A coworker with more time on the job than I have behind the wheel of a car once joked about his love life. He said that the next time he thought about getting married, he was going to find a woman he hated and buy her a house and a car. That's not exactly rousing support for the institution of marriage, but it reflects a fact too common in society and even more common in law enforcement: most of today's marriages end in divorce.
I am not a marriage counselor and I don't play one on TV, but I have been blessed enough to have the same woman tolerate me for 15 years, so I have found a few tricks that work... especially about money. Since that is one of the biggest reasons that couples argue, this month I want to share some money tips to help reduce stress in your marriage.
Who are you?
One of the first steps you and your spouse (or spouse-to-be) must discuss is, what type of money person are you? When you get down to the core of it, people generally can be divided into spenders or savers. Don't lie to yourself as you consider this; one is not better than the other, but you do need to know what you are. Do you have 12 months of salary saved and put 15% of your income into deferred comp? Saver. Are you one of the first to buy the latest fashions, newest car, or best HDTV? Spender.
By talking about the type of person you each are, you open the door to understanding how and why your partner spends the way he/she does. While you may be able to change the severity of your partner's behavior, you probably won't reverse it. You need to know who you are so you can talk about the other issues in an open manner.
Who's in charge?
With an understanding of your money personality, you can then talk with your partner about financial responsibility. It's good to have one person primarily responsible for money matters. This person pays the bills, maintains the account balances and follows your overall financial condition. Common sense would indicate this should probably not be the biggest spender, but that is not a firm rule. One person in charge ensures that bills and the like do not fall through the cracks, with each person believing the other was going to take care of it.
Even with a primary money person, the other person is not off the hook. That person needs to stay interested and involved in money matters. He/she should be asking about the budget, how debt reduction is going and how much is saved towards the next goal. Think of it like contact-and-cover when dealing with a subject: one person deals with the subject while the other person offers support and keeps an eye on the overall situation.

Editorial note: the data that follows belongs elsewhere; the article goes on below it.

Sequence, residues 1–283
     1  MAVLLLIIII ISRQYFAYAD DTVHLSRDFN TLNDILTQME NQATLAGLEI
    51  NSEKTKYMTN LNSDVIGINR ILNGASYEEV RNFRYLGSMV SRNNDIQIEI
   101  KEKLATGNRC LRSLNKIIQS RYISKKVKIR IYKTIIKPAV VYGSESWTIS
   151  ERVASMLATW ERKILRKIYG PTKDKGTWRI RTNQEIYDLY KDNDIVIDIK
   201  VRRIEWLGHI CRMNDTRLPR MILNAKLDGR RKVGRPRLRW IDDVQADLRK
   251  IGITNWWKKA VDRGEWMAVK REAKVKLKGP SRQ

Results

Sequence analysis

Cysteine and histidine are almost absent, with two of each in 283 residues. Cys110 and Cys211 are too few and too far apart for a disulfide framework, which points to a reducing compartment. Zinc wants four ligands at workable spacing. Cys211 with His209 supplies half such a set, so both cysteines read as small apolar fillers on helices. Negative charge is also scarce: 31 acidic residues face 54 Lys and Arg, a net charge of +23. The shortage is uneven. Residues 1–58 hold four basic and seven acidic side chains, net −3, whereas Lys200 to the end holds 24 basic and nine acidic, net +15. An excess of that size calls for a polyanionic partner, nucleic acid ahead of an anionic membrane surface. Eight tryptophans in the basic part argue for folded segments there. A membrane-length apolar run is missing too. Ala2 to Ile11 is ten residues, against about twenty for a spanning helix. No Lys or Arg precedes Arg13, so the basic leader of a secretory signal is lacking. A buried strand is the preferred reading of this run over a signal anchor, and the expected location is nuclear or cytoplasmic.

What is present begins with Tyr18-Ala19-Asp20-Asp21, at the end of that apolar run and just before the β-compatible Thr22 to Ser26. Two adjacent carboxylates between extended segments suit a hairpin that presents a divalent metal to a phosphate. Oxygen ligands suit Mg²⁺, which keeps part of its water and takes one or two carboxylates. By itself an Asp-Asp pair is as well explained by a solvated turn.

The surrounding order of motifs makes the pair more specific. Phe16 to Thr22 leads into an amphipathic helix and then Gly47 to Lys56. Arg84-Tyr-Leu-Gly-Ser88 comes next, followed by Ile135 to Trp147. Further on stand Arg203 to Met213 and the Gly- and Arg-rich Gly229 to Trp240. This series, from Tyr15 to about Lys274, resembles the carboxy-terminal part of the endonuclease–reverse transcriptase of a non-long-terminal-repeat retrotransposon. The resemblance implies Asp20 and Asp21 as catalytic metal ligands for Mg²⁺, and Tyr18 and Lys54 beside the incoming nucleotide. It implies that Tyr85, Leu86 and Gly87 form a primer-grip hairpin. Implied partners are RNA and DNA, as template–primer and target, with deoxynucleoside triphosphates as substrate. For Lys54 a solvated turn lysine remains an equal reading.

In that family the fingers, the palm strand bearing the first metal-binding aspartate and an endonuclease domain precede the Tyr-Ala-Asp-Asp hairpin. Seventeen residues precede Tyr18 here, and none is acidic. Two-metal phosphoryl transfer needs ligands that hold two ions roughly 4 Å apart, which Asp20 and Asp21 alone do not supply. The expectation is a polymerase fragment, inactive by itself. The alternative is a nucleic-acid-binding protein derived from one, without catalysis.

What's the plan?
Saving just to save is hard; at least it is for my wife and me. Saving for a specific purpose gives a firm vision on why you are doing what you are doing. Sit down with your spouse and talk about your goals. This will be critical if one of you is a spender while the other is a saver. You need to agree to a plan that makes you both happy. You might want to save 10% to your deferred comp; your partner might want a new car. You have to negotiate the issue, because you probably cannot afford both.
If you are both savers, it will be easier to agree on a plan. I still recommend attaching specific goals, though; it's motivating. For example, are you saving for a nice vacation (or honeymoon)? Are you saving for a new fishing boat? Put an item or purpose behind some of your savings.
If you are both spenders, it will be easy to agree, but be careful. You still need to agree on a plan. Say you want a new car and your partner wants a new boat. If you both go out and start spending on those items, you will find yourself drowning in debt in a matter of months. There is nothing wrong with wanting new toys, but you need to make sure you both agree on the timing and order of new purchases. You also need to be careful that you are saving for emergencies and the future.
I have found that keeping marital money split usually causes problems. I don't have any formal research or evidence to support that, but it seems that dual checking accounts usually results in dueling priorities. If you scrimp to pay the bills with your money while your spouse spends his/her money on a new DVD collection, that causes resentment and that leads to stress about money. The reality is the courts consider your money communal, so you might as well do the same. I think there is value in the relationship to saying, "Hey, this is our money. What are we going to do with it?"
Despite the endless jokes, marriage is not supposed to be miserable, but it isn't easy either. It takes work and planning, and that means talking about money matters before and during your marriage. My suggestions are not the only way to have a marriage without money-driven stress, so please don't take offense if I suggest ideas that are opposite what you do. If you have a different system that works, that's great. If you don't, or you are just getting started, I encourage you talk about your money. By planning your money matters together, you can reduce the stress in your marriage. It might keep you from giving a house to someone you don't like.